Below are some examples of such deliveries this season which caused teams trouble. Liverpool fans won’t need reminding that Lukaku, Dwight Gayle and Hernandez all scored from set pieces aimed at our near post.
Opportunities for LFC
I think the Hull defence can be dragged deep by Sturridge if he holds a high line. Whats more, I think Bruce would passively allow them to be pulled back rather than force them to try and step up. If so, it may create a few extra yards between the back line and the midfield, the kind of space that Coutinho and Suarez could look to move into to pick the ball up.
There is no question that Hull will put in a shift of work given that Liverpool are the 1st major team to visit the KC Stadium since their promotion. However, with Liverpool’s willingness to move through the lines quickly, its the style of play that could hurt Hull before they have time to get back and become compact.
Part of the reason their 5-4-1 was successful at Spurs is due to the criticism of Spurs not moving the ball fast enough in the transition, something that cannot be levelled at the reds this season.
I also think there is merits in pressing Huddlestone. Given that he is their focal point for getting them moving forward, he is likely to receive alot of the ball when they get it. However, he can sometimes be languid in possession and that alone presents an opportunity, one that Villa nearly scored from earlier in the season. There is no doubting his ability on the ball when he is presented with time and space.
Hull’s fight against relegation this season has been founded on a solid defensive showing at home against their peers which has allowed them to pick up 11pts despite only scoring 4 goals in those 6 games.
Away from home against teams that are a class above, they have lost 5 of 6 games and their defensive record becomes darker which is the 3rd worst for an away team.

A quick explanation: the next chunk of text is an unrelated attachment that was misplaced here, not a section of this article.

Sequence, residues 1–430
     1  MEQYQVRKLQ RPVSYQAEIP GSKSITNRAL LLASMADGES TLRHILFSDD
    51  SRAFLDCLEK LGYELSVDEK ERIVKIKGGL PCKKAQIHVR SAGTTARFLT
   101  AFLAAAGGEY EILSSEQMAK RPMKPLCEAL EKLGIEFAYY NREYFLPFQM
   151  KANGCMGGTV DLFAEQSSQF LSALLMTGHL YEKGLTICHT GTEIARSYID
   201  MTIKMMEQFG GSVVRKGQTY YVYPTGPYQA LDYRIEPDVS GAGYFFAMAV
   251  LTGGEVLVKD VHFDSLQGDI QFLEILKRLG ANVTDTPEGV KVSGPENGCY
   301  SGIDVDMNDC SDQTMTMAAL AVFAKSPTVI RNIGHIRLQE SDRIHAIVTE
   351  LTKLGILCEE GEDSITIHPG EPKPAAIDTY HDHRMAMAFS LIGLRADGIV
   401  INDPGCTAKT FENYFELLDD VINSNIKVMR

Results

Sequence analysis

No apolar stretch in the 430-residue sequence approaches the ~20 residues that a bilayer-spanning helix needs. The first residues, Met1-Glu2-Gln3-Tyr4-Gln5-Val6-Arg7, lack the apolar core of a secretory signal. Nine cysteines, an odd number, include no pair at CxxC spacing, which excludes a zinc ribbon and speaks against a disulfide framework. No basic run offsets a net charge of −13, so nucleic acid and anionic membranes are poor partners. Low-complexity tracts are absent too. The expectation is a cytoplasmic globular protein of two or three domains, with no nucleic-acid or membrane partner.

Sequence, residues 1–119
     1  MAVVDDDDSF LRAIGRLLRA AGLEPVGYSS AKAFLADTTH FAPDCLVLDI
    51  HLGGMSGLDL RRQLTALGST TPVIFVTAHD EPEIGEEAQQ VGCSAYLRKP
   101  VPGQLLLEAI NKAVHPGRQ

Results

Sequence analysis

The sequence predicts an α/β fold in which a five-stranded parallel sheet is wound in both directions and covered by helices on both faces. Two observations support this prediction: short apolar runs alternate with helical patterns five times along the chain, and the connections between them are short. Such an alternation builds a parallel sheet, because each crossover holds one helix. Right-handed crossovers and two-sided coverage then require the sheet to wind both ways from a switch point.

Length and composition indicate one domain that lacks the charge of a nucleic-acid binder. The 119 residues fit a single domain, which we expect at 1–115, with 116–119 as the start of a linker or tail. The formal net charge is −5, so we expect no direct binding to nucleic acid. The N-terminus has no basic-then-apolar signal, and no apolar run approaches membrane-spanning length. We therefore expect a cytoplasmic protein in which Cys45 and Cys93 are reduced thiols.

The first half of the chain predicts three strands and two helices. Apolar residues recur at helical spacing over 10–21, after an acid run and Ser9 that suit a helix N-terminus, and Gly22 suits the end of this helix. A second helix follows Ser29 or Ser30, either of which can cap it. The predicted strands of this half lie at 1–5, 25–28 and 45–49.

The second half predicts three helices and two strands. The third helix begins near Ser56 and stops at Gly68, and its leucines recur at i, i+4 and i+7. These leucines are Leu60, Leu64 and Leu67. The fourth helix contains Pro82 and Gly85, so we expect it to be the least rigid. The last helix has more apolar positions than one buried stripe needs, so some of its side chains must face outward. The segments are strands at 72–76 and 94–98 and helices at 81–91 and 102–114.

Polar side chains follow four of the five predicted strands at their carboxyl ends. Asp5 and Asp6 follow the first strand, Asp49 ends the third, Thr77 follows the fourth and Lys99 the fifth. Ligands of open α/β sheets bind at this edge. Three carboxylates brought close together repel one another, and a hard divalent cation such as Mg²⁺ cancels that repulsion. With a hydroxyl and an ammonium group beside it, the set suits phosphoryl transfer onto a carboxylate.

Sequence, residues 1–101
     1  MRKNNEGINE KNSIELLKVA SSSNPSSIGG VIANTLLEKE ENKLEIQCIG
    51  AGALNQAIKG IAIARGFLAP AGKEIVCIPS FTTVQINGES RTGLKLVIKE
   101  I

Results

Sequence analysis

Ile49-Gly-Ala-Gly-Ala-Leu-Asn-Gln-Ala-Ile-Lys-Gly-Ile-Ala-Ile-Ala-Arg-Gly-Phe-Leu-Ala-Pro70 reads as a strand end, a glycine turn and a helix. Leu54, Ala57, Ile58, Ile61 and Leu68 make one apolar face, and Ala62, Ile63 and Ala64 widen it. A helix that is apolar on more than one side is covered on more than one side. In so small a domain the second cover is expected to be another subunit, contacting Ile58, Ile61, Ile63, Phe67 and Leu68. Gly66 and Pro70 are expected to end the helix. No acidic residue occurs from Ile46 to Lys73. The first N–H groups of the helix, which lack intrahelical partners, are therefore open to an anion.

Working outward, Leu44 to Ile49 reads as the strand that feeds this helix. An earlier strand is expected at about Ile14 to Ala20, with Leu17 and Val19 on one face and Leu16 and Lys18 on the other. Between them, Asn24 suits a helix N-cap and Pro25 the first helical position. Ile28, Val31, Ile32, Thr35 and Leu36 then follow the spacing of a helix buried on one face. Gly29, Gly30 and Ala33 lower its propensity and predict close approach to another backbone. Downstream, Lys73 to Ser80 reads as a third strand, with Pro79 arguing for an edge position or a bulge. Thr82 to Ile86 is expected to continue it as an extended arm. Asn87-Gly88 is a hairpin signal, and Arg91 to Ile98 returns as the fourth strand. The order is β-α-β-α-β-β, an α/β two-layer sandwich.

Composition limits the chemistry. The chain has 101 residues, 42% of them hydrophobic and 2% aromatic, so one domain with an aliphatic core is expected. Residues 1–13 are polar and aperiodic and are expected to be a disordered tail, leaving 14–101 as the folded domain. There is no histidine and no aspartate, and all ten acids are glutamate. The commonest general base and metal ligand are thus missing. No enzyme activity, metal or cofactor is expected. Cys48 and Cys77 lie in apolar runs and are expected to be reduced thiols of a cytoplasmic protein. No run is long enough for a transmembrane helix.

Bruce has a tactical headache at the back as he will face a different challenge in 2 out-and-out strikers who have score more goals between them (18 goals) than 15 teams in the league have managed in total. As such, playing their 1st major team at the KC Stadium this season may see Bruce go with a 5-3-2 / 3-5-2 system, enough defenders to combat a front 2 yet two attackers to satisfy the crowd that they are trying to win the game.
When they get on the ball, I expect Huddlestone to be looking for the likes of Elmohamedy on the right and perhaps Brady or Boyd on the left. From these positions, if they are allowed, they are likely to be looking to get the ball in the box with the likes of Livermore & Huddlestone capable of firing off shots from poorly attempted clearances. However, I don’t expect to see the sheer volume witnessed in the graphics above as they may have less than 45% of the ball.
Overall, I think Hull will start off bright and try to push up the pitch given its a home game but as the game moves on, I would expect Liverpool to dominate the game more and more with Hull falling deeper.
I think Liverpool should be capable of keeping their 2nd away clean sheet of the season (only away clean sheet was vs Villa in August) and manage to create enough opportunities to win the game with my prediction being 0-2.
References: Transfermarkt.co.uk, whoscored.com, squawka.com